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  • Home Insulation

    • How much can I save by adding blown-in attic insulation?
      Most houses we inspect have leaky attics! Air (that you pay to heat or cool) flows from inside your home up into the attic through leaks in the structure and around the can lights. Blowing in cellulose insulation will help you save on your utility bills, and you will be more comfortable in your own home, yet you also need to seal the leaky areas first. We always recommend sealing BEFORE having us blow in the insulation so you can save the most money.
    • What is spray foam?
      The closed-cell spray foam we chose to use (rather than open-cell) to help make our client’s home more comfortable and energy efficient is a 2-part foam. As it is sprayed, the two liquid materials, a resin and a catalyst, combine and expand. They fill cracks and crevices so it gets rid of un-insulated voids and helps stop air movement. You want to keep your conditioned air that you paid to condition inside your home!
    • What is the best home insulation?
      Each home is unique, and since we offer a variety of insulation types (e.g., blown-in cellulose, closed-cell spray foam, foam board, fiberglass batting), it is best to have an evaluation to determine what will perform best for your home. Blown-in cellulose and spray foam perform the best. Contact us for a free evaluation to determine why your home is not keeping you comfortable year-round and what the best solution will be!
    • What is the best insulation for attics?
      Blown-in cellulose and closed-cell spray foam are both great solutions that do a MUCH better job than fiberglass that most folks see in their attics. Cellulose and spray foam block the flow of air, while fiberglass just slows it down and really just acts like an air filter. When choosing cellulose, the air leak spots also need to be sealed. Our trained energy consultant will do a thorough evaluation of your attic and show you photos of what is found. Call us or use our online form to set up your free evaluation.
    • What is the insulation value of spray in insulation?

      Our company uses “closed-cell” spray foam, which has an R-value of R-6.8 per inch.

      A client usually has us spray between 2 inches and 4 inches. It seals everything, eliminating all air gaps and stopping air flow, and has a non-conductive property so heat cannot transfer through it like that of fiberglass.

      All these properties make it perform far better than any other insulating materials.

    • What kind of insulation do I need for my attic?
      Blown-in cellulose insulation and spray foam insulation are the options that out-perform fiberglass. In an attic, fiberglass just acts like an air filter as the air flows through it. You want a giant thick blanket in your attic to help keep your home more comfortable, and spray foam or cellulose will do this. Our Energy Consultant will evaluate your attic and help you determine the best route for your home.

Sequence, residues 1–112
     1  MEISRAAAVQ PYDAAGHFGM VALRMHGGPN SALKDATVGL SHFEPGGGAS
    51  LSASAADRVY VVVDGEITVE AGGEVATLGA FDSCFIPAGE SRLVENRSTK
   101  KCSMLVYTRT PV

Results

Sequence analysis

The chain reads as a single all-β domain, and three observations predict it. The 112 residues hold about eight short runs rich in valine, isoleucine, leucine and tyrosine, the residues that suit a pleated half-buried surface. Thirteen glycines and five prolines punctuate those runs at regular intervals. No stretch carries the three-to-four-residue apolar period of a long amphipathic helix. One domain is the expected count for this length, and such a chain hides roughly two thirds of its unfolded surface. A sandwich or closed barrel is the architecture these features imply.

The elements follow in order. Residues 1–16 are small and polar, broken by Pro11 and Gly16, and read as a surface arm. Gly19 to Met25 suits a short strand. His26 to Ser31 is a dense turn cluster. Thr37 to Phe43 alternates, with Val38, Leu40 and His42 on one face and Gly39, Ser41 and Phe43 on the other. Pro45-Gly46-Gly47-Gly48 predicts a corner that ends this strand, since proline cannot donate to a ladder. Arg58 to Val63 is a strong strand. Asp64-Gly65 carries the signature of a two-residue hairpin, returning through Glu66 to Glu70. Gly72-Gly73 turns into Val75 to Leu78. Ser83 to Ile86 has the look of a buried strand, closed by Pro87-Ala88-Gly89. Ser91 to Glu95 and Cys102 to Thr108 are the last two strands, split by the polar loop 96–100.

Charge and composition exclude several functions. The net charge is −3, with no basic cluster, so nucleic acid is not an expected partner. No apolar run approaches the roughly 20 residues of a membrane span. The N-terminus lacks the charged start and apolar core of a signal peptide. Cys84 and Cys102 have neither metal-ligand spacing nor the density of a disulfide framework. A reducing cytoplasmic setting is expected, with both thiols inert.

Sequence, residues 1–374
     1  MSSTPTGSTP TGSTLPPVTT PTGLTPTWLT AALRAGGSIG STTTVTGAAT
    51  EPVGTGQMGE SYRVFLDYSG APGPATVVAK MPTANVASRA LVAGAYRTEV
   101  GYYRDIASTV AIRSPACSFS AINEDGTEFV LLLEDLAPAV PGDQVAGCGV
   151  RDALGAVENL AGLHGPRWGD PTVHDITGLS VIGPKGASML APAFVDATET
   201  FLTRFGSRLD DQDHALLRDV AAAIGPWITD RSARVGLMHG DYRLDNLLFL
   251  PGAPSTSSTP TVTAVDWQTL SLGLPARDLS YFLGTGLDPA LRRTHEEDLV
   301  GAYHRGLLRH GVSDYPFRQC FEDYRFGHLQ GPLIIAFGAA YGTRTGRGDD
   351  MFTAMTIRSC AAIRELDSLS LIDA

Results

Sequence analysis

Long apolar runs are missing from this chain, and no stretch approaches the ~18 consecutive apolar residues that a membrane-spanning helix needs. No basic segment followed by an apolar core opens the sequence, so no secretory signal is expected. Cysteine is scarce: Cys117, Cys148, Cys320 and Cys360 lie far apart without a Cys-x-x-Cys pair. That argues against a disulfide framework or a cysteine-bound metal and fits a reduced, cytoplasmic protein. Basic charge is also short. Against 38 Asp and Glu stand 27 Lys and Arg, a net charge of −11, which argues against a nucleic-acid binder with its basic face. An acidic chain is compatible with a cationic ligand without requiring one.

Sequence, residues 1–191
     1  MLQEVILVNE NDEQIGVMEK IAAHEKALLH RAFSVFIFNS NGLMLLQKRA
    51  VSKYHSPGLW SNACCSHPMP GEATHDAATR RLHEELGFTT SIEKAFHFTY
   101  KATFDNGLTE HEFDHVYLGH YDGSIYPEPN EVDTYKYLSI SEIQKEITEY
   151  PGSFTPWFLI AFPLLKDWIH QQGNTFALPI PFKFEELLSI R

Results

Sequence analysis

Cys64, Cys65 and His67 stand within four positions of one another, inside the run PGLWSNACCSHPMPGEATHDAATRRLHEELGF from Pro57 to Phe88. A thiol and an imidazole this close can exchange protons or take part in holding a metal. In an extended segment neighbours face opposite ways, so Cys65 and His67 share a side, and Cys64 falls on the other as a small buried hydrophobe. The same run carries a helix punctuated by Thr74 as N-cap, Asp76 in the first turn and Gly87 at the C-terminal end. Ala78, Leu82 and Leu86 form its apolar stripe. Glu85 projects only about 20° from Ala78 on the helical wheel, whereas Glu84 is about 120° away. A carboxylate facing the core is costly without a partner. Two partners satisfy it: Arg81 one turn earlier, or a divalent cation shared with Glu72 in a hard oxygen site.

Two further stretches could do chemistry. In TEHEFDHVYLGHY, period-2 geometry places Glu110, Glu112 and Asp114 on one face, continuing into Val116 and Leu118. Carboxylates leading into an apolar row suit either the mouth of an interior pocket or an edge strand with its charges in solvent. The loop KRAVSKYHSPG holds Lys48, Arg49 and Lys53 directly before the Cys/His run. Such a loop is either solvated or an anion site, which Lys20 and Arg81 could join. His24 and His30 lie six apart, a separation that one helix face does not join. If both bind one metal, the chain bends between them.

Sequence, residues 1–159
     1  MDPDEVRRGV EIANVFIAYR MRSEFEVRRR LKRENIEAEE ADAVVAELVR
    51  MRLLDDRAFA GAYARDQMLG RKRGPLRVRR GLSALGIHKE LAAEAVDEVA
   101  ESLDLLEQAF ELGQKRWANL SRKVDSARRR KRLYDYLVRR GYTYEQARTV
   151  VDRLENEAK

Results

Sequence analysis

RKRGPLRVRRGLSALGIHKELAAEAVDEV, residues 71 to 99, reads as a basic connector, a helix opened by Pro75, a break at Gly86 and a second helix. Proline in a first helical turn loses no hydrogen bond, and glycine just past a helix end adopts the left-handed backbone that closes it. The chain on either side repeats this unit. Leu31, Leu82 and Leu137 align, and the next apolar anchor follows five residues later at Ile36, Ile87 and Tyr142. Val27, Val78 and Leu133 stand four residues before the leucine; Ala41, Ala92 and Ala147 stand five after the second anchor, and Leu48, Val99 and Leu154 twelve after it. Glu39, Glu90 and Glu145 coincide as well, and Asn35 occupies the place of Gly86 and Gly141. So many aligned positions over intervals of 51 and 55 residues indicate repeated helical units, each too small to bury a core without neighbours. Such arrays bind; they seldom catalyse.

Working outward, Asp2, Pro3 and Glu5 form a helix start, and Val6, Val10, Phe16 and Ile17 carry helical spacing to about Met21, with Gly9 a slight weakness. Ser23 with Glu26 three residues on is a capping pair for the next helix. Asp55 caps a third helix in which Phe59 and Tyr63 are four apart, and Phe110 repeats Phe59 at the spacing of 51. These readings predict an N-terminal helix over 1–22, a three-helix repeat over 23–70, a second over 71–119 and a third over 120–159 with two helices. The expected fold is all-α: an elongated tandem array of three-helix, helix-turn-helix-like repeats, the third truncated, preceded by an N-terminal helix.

• Who installs spray foam insulation in Portland, Oregon?
      Having been in business since 2006, we are your one-stop company for closed-cell spray foam insulation, plus your other options–cellulose, rigid foam board, and fiberglass. Our Energy Consultant will meet with you to discuss what you are looking to achieve, investigate your home or business from attic to crawl space/basement, and show you what was discovered. We then work with you to determine the best solution for your situation and what you want to accomplish.
    • How Do You Check if Your Home Is Insulated Properly?
      Most homes are not well-insulated, even new homes! In your attic: if you can see the wooden floor joists, you definitely need more! Energy Star standards are to be at least 11 inches high of blown-in cellulose. If you have lights cut into the ceiling, do they have a can light cover? If not, air is flowing from your home into the attic. Was the attic floor air-sealed (can you see lines of foam anywhere different pieces come together)? If not, air is flowing from your home into the attic. In your crawl space: Those fiberglass batts you see in there—are they touching the underfloor? If they are hanging down, they are “hammocks for rodents” as they love to nest in fiberglass. Are your floors cold in the winter? You need better insulation.
    • How Long Does Home Insulation Last?
      It depends on what type of insulation. Fiberglass is the least effective insulating material, even though that may be the only one you know from the marketing of it. Fiberglass matts down, absorbs water, and gets used by critters for nesting materials, so it can quickly become mostly useless.
    • Is It Worth Insulating an Old House?
      If you want to be more comfortable in your home, and have lower utility bills, it will be very worth it. Older homes were either not insulated or were insulated at very low levels. Energy used to be cheap!
    • Should You Insulate Walls Old House?
      Because of the way air flows in a house (up from the crawl or basement and out the attic), walls are the last thing we suggest that people insulate. Often when a client properly air seals and insulates their attic, it solves the issue of their old home being uncomfortable to live in.
    • What Is the Best Type of Insulation for a Home?